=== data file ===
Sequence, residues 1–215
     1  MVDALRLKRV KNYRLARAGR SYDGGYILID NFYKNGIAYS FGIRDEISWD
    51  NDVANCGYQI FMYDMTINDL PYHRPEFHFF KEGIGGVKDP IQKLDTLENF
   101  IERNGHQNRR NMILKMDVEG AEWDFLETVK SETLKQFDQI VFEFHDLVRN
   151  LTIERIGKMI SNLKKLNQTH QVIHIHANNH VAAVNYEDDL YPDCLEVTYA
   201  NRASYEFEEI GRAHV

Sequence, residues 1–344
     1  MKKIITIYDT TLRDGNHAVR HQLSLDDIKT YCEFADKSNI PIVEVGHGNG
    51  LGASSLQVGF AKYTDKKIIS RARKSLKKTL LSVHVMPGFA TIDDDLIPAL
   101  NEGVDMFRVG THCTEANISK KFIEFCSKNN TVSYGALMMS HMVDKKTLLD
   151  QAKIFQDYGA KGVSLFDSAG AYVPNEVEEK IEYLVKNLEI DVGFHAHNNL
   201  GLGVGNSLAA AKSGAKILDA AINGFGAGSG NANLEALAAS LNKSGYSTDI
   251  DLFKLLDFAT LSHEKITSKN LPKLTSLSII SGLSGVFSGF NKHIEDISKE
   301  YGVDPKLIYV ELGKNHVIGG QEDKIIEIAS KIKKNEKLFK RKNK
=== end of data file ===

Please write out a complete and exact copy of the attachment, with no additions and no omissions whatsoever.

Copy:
Sequence, residues 1–215
     1  MVDALRLKRV KNYRLARAGR SYDGGYILID NFYKNGIAYS FGIRDEISWD
    51  NDVANCGYQI FMYDMTINDL PYHRPEFHFF KEGIGGVKDP IQKLDTLENF
   101  IERNGHQNRR NMILKMDVEG AEWDFLETVK SETLKQFDQI VFEFHDLVRN
   151  LTIERIGKMI SNLKKLNQTH QVIHIHANNH VAAVNYEDDL YPDCLEVTYA
   201  NRASYEFEEI GRAHV

Sequence, residues 1–344
     1  MKKIITIYDT TLRDGNHAVR HQLSLDDIKT YCEFADKSNI PIVEVGHGNG
    51  LGASSLQVGF AKYTDKKIIS RARKSLKKTL LSVHVMPGFA TIDDDLIPAL
   101  NEGVDMFRVG THCTEANISK KFIEFCSKNN TVSYGALMMS HMVDKKTLLD
   151  QAKIFQDYGA KGVSLFDSAG AYVPNEVEEK IEYLVKNLEI DVGFHAHNNL
   201  GLGVGNSLAA AKSGAKILDA AINGFGAGSG NANLEALAAS LNKSGYSTDI
   251  DLFKLLDFAT LSHEKITSKN LPKLTSLSII SGLSGVFSGF NKHIEDISKE
   301  YGVDPKLIYV ELGKNHVIGG QEDKIIEIAS KIKKNEKLFK RKNK